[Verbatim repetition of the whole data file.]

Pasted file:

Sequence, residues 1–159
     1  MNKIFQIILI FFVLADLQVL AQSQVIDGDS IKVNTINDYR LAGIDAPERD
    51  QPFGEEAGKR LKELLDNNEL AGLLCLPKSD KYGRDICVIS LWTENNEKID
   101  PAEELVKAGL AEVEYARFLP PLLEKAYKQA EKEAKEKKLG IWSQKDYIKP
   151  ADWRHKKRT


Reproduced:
Sequence, residues 1–159
     1  MNKIFQIILI FFVLADLQVL AQSQVIDGDS IKVNTINDYR LAGIDAPERD
    51  QPFGEEAGKR LKELLDNNEL AGLLCLPKSD KYGRDICVIS LWTENNEKID
   101  PAEELVKAGL AEVEYARFLP PLLEKAYKQA EKEAKEKKLG IWSQKDYIKP
   151  ADWRHKKRT